The report on racism at South Africa’s Stellenbosch University (SU) by retired Constitutional Court Judge, Sisi Khampepe, has received wide media coverage. Much of the reaction was predictable: On the one hand, it presented as more proof that SU is the last remaining apartheid higher education institution; on the other, the report’s critics argued, it is a barely disguised way of finally doing away with Afrikaans as an academic and colloquial language on campus.
The Khampepe report makes it clear that SU is not simply an apartheid relic, and that its existing transformation efforts are sincere; that it has drawn up a sophisticated policy and is making work of implementing that policy—not only in senior management, but at the faculty and departmental level, where work is being done to address historical injustices and inequalities. To say that SU has not yet moved on from the 1980s is unfair. The problem with a narrative of a mythical Stellenbosch with mythical Afrikaners simply stuck in the past, is that it makes it difficult to adequately understand the interests and contradictions that drive racism in the present.
There is certainly a lot to be said about the role of language in the decolonization of universities in South Africa, including at SU. To date, none of South Africa’s tertiary institutions has come up with a language policy that is practical or meaningfully overturns the colonial language order. African languages like Xhosa or Zulu do not come into their own at all, and it is naive to pretend that English doesn’t also come with sociolinguistic markers that are subtly mobilized to exclude people or make them feel like they’re not quite “up to standard.” Recently, one of my honors students, who is brown and English-speaking, wrote in an assignment about how her way of pronouncing the “r”—the rolled ‘r’ or alveolar tap—marks her and other students as sociolinguistically different. The result is these students internalize the idea that they should swallow their r’s when they speak English in order to sound sophisticated and be taken seriously academically.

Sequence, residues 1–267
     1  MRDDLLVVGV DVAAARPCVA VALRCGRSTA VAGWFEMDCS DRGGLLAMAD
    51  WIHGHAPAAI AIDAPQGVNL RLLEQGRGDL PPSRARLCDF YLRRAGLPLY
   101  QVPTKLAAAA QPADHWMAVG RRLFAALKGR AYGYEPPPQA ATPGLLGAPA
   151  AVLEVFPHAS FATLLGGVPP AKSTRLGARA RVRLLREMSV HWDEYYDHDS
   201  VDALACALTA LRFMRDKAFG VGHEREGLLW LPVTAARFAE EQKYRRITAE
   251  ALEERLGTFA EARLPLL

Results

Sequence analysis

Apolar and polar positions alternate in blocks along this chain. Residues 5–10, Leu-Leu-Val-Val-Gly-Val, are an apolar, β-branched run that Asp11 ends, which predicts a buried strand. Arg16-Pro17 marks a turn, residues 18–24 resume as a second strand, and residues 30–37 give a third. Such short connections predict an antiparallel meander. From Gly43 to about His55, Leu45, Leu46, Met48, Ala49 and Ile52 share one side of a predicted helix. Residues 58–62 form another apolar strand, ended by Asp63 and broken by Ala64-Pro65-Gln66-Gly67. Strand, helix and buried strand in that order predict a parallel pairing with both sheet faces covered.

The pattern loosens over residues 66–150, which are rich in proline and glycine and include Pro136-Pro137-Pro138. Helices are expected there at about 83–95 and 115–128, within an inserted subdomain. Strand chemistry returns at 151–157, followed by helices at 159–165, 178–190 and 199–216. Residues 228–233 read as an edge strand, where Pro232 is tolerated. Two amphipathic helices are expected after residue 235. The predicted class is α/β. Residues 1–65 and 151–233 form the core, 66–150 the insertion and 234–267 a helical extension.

In my own experience, it very rarely happens that black staff and students are hostile towards Afrikaans and its uses. What they oppose are the many explicit and subtle ways in which language, specifically Afrikaans at SU, is mobilized as an institutional, academic, and social barrier.
Yet SU, precisely because it has not yet fully opted for English, is ironically, of all the universities in South Africa, currently perhaps best placed to do something new and transformative in terms of creating a multilingual tertiary institutional, and academic culture. A lot of money is invested at SU in an infrastructure that supports large-scale translation and interpretation, and even if in practice classes are increasingly taught in English, and then interpreted in Afrikaans and Xhosa, it would absolutely be possible with the existing technology and help for a lecturer to teach not only in Afrikaans, but in Xhosa, with interpretation in English and Afrikaans. Just think how radical, how decolonizing, it would be if a module at SU were to be offered in Xhosa.
Students would experience the African language as an academic language. The majority of white students would be placed in the position where they have to fit in and adapt to a situation and an environment that is not simply a mirror image of the world they come from. It may be easier to make others feel welcome when you sometimes need to be welcomed yourself; when the possibility for alienation is a little more evenly distributed.